Tuesday, 28 May 2013

Huddersfield and back

We took Rock n Roll down the 22 locks from Slaithwaite (pronounced by the locals as Slawit) on Tuesday last week leaving our mooring about 10am and arriving in Huddersfield at 16:15.  It wasn’t a bad journey, we were at least taking a lock-full of water down with us!

 Staying together at lock 19

 Spring at lock 18
 Verdant at lock 14
 I’m quite fascinated at the buildings - I love them!  They’re so ‘upright’ and appear to be in straight lines only one row deep lining the busy road up at the top of the hill.  I’ve only ever seen this type of housing up here in the north.

 Work continues at Britannia Mill built in 1861 but I don’t think it’s spinning or weaving

 Stiff lock gear at 6E
 The graceful archways of this stretch of the railway viaduct have been replaced by metal towering over the canal and river
 Approaching Huddersfield centre and Bates and Sellers Tunnels at lock 3

 Through  Bates Tunnel and lock 2 now entering Sellers Tunnel ...
 … looks like a dead end!
 It’s not a pretty tunnel at all!
 Out into what I call the tunnel of pipes ...
 … which hold the sides rigid ...
 … a very sharp left here ...
 … and another one!
About half an inch to spare either side of RnR ...
 … and the last lock of the day!

We’ve spent a very pleasant and useful few days in Huddersfield, eye-test and new specs for me, haircuts for both of us, bits and pieces purchased to maintain Rock n Roll in good condition .. and relaxing!
Until Wednesday late morning that is!  We were having a cuppa before going into town when there was a knock at the window - it was Sue Day from the horse boating society!  She was short of volunteers to take Maria back up to Linthwaite that afternoon (about 3miles and 10 locks).  Well, what could we do?  George offered to go the distance but I didn’t really want to but offered to help through the first 4 locks which included the 2 tunnels. By the time we’d got the boat ready and harnessed the horse it must have been about half three.
I helped Sue to lead Bilbo the horse through the busy streets and over the even busier roads which replace the towpath between locks 2 and 4 - I did not enjoy that one iota! Bilbo was jittery in big heavy traffic and I was nervous to say the least!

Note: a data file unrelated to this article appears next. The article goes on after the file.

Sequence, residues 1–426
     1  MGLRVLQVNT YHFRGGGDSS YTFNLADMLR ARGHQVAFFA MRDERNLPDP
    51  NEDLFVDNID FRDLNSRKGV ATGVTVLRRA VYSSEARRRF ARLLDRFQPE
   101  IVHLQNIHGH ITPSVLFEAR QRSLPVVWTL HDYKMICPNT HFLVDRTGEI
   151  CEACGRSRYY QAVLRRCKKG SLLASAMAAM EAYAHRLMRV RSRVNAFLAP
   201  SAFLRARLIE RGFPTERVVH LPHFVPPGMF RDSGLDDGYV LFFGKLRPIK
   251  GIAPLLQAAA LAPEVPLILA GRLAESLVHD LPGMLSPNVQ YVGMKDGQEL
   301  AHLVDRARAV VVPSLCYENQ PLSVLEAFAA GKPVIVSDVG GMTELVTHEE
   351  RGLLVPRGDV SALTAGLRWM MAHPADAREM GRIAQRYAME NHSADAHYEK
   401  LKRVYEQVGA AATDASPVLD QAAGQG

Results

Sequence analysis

A pity though that we have no photos as George got to steering Maria through the last few locks, helping Sue to secure the boat, looking after Bilbo while she returned to Huddersfield for the horse box and got back himself at 9pm - what a hero, tired out and hungry but a hero indeed!

Aspley Marina where we took on much needed diesel for both engine and fire ...
… and back under the main road to the university campus where we were moored and the views were very pleasant ...

The campus was much quieter than we expected, people were out and about minding their own business as early as 5am but making no noise.  They made themselves heard from about 11:30 onwards but nothing to cause a nuisance, it was nice to see them going about their business - and they’re so young!

Uni life had broken up for the holidays by the time we turned and set off on Monday back towards Slaithwaite.  We’d travelled down the locks needing fuel and so travelled up them ‘heavy’ on the back which did create a few problems.  I became stranded in a very narrow length and had to ring George to let some water down from the lock above and ended up using the boat pole to move RnR off again.

This youngster had a ride up one of the locks with me...
… also probably the doing of ‘youngsters’.
A pallet had been dropped into an empty lock 12 and then tyres dropped on top to make things even more difficult.  The lock was already set for me and George eventually managed to get it from behind the gates just as I was approaching.  I managed to avoid it and entered the lock but the gates wouldn’t close properly.  We tried filling the lock and the weight of the water did in fact close the gates together, but only at the top, it was leaking so badly below that George couldn’t open the top gate, so he emptied the lock again and then asked a local couple out walking to help him.  It seemed as if there was ‘something springy’ as the gates bounced open again - probably another tyre in the silt.  Between the two of them the gates eventually closed properly and we could continue on our way.
Apart from dragging the bottom of RnR over rocks and rubbish at times the journey wasn’t as bad as it could have been.

We’re now back on the visitor moorings at Slaithwaite.  After having a couple of beautifully warm sunny days the rain has returned with a vengeance!  We shall stay here now until Friday and have booked our return through Standedge Tunnel for Wednesday next week.

Wednesday, 22 May 2013

A better view!

Joyce was one of the volunteers on Sunday to take horse drawn boat Maria from Slaithwaite to Huddersfield - these photographs are all hers - and they are amazing - apologies though that most contain me!
The lock that soaked me!

Notice the mast on the top plank - this holds the towing line to Bilbo the boat horse.  I would have been heading into a lock here as I am getting the ‘stop’ rope out to throw to Joyce who will slow the boat down to a stop once in the lock.  You may also notice that the bruise on my cheek is glowing!

Nigel on lock gate closing duties


A bridle has been attached to the bow of Maria and Bilbo’s towing line thread through it - this is so that he can ‘tug’ the boat on the sharp bend into and out of the very narrow Golcar Aqueduct.

Could have been 100 years ago!

The lock gates say ...

… say it all!

Emerging from Bates Tunnel of the tunnel of pipes into the narrowest section of canal that we’ve ever encountered at the end of a long, tiring but exciting journey.
Thanks Joyce!

Monday, 20 May 2013

I steered a horse drawn boat ...

… yesterday, a total of nearly 5 miles and 22 locks (27 lock miles) meeting at 10am and getting home to Rock n Roll at 20:45 … and for my effort I got … a black eye!